The government has taken an ambitious plan to double the capacity of Dhaka Medical College Hospital (DMCH) so that it can properly serve the thousands of patients who seek treatment there each day.

DMCH has long been operating far beyond its current capacity of 2,600 beds. About 4,000 people were admitted at the hospital on an average day before the Covid-19 pandemic, and the number dropped to 3,000 after the arrival of the coronavirus made it unethical to keep it so crowded, according to the hospital authorities.

In addition, about 4,000 patients seek treatment at the outdoor unit of DMCH each day. A further 1,000 emergency patients also seek treatment on a daily basis.

As the hospital is always operating beyond its maximum capacity, it can only admit about 300 new patients per day. Emergency patients often have to be kept in various different wards due to the lack of available space, high officials of the hospital said.

According to government officials, architectural and engineering consultancy firm Professional Associates limited has already submitted a draft design for the new DMCH, to be constructed under the Swapno Sakkhor project. Once completed, DMCH will have 5,000 available beds and modern treatment facilities.

A total overhaul

Nine 17-storey buildings will be constructed and allocated for six hospital buildings, a medical college, nursing institute, and utility building, according to the draft plan.

Two emergency treatment facilities and two outdoor facilities will be installed for the patients as well.

In addition, several buildings will be constructed to serve as dormitories Dhaka Medical College students, teachers, and nurses. An administrative building will also be constructed.

In order to protect the heritage of DMCH, which was established in 1946 and played crucial roles during the Language Movement of 1952 and Liberation War of 1971, there will be no changes to its iconic front wall.

According to the draft plan, no vehicle will be allowed inside the DMCH compound except ambulances, and each building will have three-storey basement car parking that will be interconnected with other buildings of the compound.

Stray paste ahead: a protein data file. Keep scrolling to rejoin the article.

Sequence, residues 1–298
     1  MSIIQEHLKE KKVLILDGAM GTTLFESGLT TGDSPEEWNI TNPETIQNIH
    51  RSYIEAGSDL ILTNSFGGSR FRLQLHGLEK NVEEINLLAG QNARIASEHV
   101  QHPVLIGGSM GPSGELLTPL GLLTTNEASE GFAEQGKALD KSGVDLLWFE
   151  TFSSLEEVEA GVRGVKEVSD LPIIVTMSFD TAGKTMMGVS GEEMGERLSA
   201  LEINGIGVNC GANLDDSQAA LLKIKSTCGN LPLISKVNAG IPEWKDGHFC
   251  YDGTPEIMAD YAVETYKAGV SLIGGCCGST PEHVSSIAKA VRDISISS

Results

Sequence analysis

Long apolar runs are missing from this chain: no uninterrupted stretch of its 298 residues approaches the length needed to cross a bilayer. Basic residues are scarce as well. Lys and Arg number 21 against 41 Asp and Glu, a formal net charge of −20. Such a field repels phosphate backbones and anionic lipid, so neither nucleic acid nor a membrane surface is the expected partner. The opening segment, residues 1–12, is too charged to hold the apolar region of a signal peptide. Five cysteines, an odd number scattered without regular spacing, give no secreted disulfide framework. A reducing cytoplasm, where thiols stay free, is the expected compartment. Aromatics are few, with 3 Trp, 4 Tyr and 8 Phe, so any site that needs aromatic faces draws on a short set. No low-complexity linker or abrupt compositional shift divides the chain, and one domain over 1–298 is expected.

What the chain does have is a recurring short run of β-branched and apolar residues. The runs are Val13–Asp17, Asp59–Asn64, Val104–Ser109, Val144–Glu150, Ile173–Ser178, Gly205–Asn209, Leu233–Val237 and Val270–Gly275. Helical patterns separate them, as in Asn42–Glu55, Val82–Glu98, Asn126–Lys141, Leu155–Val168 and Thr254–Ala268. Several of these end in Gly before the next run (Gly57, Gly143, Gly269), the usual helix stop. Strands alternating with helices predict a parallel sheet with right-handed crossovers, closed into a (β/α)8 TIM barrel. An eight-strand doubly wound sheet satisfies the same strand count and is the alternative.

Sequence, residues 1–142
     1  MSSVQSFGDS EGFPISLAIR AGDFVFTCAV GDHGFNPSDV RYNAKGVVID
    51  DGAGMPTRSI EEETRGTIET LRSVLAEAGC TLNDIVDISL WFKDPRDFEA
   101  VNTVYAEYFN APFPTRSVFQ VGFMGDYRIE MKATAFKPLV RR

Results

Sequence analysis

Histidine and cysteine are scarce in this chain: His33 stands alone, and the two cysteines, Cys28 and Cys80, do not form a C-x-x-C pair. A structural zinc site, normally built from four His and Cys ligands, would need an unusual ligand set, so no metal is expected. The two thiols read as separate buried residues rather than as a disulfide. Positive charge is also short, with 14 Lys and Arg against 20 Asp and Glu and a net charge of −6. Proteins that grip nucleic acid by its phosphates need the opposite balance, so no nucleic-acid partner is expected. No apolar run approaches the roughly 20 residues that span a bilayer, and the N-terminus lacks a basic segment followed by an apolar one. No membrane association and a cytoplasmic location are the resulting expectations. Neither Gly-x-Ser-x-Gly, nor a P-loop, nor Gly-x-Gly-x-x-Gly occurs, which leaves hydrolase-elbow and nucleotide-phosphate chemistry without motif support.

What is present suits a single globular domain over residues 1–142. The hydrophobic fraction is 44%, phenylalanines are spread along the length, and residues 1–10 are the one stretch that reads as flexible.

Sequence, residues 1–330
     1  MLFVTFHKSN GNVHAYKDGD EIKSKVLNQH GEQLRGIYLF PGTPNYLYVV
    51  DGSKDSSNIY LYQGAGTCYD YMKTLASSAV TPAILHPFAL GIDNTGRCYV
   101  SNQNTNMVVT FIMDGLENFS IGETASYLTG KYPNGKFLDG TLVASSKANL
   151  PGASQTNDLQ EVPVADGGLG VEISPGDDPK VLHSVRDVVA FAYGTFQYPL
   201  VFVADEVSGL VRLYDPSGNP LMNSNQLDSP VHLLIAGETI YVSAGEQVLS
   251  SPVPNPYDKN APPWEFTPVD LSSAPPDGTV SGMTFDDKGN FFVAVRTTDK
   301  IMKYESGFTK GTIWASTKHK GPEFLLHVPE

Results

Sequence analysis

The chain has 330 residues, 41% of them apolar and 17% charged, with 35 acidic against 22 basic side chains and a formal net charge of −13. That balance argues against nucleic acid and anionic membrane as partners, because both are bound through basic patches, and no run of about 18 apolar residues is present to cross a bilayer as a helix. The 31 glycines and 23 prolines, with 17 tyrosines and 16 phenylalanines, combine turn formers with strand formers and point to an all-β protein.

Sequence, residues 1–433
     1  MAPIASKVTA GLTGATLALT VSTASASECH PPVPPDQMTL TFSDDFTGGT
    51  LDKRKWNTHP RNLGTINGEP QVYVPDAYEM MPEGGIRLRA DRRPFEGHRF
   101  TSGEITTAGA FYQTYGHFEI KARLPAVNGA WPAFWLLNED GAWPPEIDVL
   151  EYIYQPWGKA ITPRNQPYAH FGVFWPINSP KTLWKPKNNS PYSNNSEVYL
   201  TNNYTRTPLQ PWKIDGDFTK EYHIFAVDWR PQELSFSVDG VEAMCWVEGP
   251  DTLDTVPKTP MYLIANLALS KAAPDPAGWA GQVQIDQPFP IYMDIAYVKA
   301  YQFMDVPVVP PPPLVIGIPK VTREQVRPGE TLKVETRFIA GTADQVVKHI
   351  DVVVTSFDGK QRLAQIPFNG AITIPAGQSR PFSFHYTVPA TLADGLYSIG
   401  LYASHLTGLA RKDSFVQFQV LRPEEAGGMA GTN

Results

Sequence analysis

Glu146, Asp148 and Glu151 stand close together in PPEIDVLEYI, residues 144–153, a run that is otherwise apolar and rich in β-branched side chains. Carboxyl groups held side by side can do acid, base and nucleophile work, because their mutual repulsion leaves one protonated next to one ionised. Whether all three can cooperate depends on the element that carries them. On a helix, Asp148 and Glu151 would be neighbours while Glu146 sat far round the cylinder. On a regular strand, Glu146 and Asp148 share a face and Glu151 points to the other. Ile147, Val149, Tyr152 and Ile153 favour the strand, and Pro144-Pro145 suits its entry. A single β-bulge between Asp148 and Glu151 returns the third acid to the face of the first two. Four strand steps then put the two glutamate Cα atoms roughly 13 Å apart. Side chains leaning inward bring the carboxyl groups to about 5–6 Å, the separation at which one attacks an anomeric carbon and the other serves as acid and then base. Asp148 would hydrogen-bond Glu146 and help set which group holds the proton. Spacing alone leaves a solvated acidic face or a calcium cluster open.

Automated car parking will be installed and there will be numerous entry and exit points for smooth traffic movement. An overbridge inside the compound will allow medical students to easily travel between the college and dormitory buildings.

An effluent treatment plant, water treatment plant, and sewage treatment plants will be set up in the hospital compound to ensure waste management and supply of water.

The hospital’s information and services system will be digitized and IT-based.

DMCH currently has green spaces on 11-12% of its 30 acres of land. Under the project, the existing green areas will be expanded to 58-60% of the compound by removing small and temporary buildings.

The gold standard of hospitals

Officials concerned said DMCH would be the gold standard of hospitals in the country after it is remodelled.

Brigadier General Md Nazmul Haque, director of DMCH, told Dhaka Tribune: “A draft plan has already been submitted to the government. Now, the departments concerned are giving recommendations for final approval.

“After getting the final report, the work will start as per instructions from the high authorities. We are almost ready. The foundation stone could be lain at any time now,” he further said.

Replying to a question, he said DMCH currently does not have the capacity to deal with many patients suffering from severe cases of specialized illnesses, such as kidney, heart, liver, brain, and eye diseases.

“Usually, we refer these patients to nearby specialized hospitals. When DMCH is remodelled, we will not have to refer so many patients and the pressure on other specialized hospitals will reduce,” he added.

Health Minister Zahid Maleque echoed that the project would turn DMCH into an international standard hospital.

“Prime Minister Sheikh Hasina has allocated Tk20,000 crore to this end,” he added.

When contacted, officials working closely with the project said it would follow a “build and cut method.” The new buildings will first be constructed, and the old buildings will be demolished once all the medical equipment and facilities are shifted to the new ones.

Dr Monju Ara Begum, chairman of Professional Associates Limited, said: “We are excited to become a part of the Prime Minister’s dream project. Now, our challenge will be to complete this project in a timely manner.”

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